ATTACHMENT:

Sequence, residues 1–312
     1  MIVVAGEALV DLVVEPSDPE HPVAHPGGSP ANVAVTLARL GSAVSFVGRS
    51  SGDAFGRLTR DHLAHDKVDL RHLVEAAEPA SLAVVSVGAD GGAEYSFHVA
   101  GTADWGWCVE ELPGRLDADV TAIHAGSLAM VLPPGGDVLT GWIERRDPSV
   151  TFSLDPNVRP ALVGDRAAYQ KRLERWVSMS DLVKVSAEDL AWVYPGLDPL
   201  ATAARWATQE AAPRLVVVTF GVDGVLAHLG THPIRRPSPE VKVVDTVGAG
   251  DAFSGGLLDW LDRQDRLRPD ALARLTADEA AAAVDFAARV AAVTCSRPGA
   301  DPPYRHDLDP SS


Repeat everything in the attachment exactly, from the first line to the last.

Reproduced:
Sequence, residues 1–312
     1  MIVVAGEALV DLVVEPSDPE HPVAHPGGSP ANVAVTLARL GSAVSFVGRS
    51  SGDAFGRLTR DHLAHDKVDL RHLVEAAEPA SLAVVSVGAD GGAEYSFHVA
   101  GTADWGWCVE ELPGRLDADV TAIHAGSLAM VLPPGGDVLT GWIERRDPSV
   151  TFSLDPNVRP ALVGDRAAYQ KRLERWVSMS DLVKVSAEDL AWVYPGLDPL
   201  ATAARWATQE AAPRLVVVTF GVDGVLAHLG THPIRRPSPE VKVVDTVGAG
   251  DAFSGGLLDW LDRQDRLRPD ALARLTADEA AAAVDFAARV AAVTCSRPGA
   301  DPPYRHDLDP SS